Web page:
This formatting can be done ad-hoc, or can become a more permanent part of the use of a custom PowerShell module. The same "view" XML file format used internally by PowerShell is also available for more advanced PowerShell toolmakers willing to take on the challenge of mastering the XML description of the table to be created in response to a particular kind of object coming down the pipeline. These view files can be added to a Module to ensure that every time a particular module is used, the objects produced by its tools will be formatted (at least by default) in a pleasant and immediately useful way.
The PowerShell world continues to grow rapidly. Recent releases have added yet more advanced functionality.
PowerShell Workflow brings the reliability of Windows Workflow Foundation (formerly available only through Visual Studio) and makes it available in PowerShell. WWF allows for definition of "Activities" that take place on specific servers or on multiple servers, performed in parallel or sequentially. These activities are atomic units of administration—if a server reboots unexpectedly in the middle of performing an activity, WWF can detect that, roll back the uncompleted task, and then start again. This creates an extremely reliable infrastructure for rolling out sophisticated infrastructure changes on an automated basis.
PowerShell Desired State Configuration (DSC) brings declarative programming to the PowerShell world. DSC allows the developer to build a configuration file that describes the way a computer (a server, perhaps) should be configured, and feeds it to the DSC engine. DSC analyzes the server, and where the server doesn't match up with the configuration file, DSC automatically calls the needed PowerShell statements to configure the system in the way that the configuration file specifies.
Constrained Endpoints support delegated administration in PowerShell. A server can be configured to allow a specific administrator to use only a limited subset of normal PowerShell features when connected to that server. Such a system might limit a user to just some of the modules on the system, but not others—or certain commands within a module, but not the rest.
Scheduled Jobs functionality allows any PowerShell command (or script) to be scheduled to be executed at a later time. That might be an execution just once tonight at 11:30 p.m., or every third Tuesday at 3 a.m. with a randomized offset to avoid having multiple servers get hit with a heavy processor load at the exact same time.
Nano Server support: Windows Server 2016 will ship with a new server installation mode called Nano Server. This feature will allow servers to be installed with no graphical interface at all. Yes—even less than the "minimalist" Server Core mode. One interesting thing this server will have, though, is "Core PowerShell"—an environment for providing all the great PowerShell manageability that we've been enjoying for the last near-decade.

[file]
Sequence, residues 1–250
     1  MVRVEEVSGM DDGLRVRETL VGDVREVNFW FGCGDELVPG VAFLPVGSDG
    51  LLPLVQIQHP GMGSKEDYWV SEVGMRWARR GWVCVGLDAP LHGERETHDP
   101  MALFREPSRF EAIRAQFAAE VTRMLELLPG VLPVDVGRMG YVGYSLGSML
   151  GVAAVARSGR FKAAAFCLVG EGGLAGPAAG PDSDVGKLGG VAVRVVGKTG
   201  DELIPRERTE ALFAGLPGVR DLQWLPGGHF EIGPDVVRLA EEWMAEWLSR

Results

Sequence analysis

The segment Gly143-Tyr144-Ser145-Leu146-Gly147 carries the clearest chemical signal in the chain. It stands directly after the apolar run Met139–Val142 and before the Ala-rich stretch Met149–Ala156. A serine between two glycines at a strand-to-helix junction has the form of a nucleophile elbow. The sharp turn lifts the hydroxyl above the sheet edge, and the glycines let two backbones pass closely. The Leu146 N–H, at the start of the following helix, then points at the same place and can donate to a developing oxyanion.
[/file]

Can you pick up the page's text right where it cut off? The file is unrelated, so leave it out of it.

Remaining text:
There is no aspect of the way Microsoft makes software today that is not impacted by the arrival of PowerShell. Consider that 50,000 virtual network changes are made daily in the Microsoft Azure cloud, according to Microsoft's Products and Enterprise Division manager Jeff Woolsey—and none of those changes are being made manually—they're all software-driven. They have to be—it would be economically ruinous and hugely error-prone to do them manually.
This impact is rippling outward, affecting Microsoft's customers, allies, and competitors alike. As the pace of IT change grows, lessons learned need to be distilled into automated tools that detect your most commonly experienced problems and react to them with your preferred response, integrating the behavior of your server environment, your storage platform, your database resources, your cloud infrastructure, and much more. Your organization simply cannot wait for some software developer to release a perfect management solution for your company—no other company is quite like yours, and no other company has quite your set of challenges or your particular set of opportunities.
But you have a priceless resource at your disposal—a hard-working IT team that knows your system inside and out. They want to make your infrastructure hum like a well-oiled machine, but they only know how to manage it with the graphical tools they've been given. GUI administration has served us well in the past, but in time pointand-click IT operations will struggle to keep up with faster, more agile competitors with pre-scripted solutions to their biggest challenges. Corporate management will be eyeing the market and wondering just why the competition seems to be getting more IT horsepower from a smaller IT budget.
There is one perfect tool for capturing the best practices that your IT staff already implements manually, and transforming that with scripting. That tool provides the ability to cross-reference information from a variety of different sources, and apply custom solutions that marshal your unique resources to solve the problems you face. The tool is easy to learn, included for free with all your Windows OSs, and provides enormously rich possibilities to grow skills over time.
Have you unlocked the gates to the tool factory in your IT organization? Is it time for you to Get-PowerShell?
Mike Hammond is a Microsoft Certified Trainer who's delivered technical training for over 14 years, focusing on infrastructure management and scripting technologies. Mike has a bachelor's degree in IT and Software Engineering and lives in the Chicago area with his wife and three kids.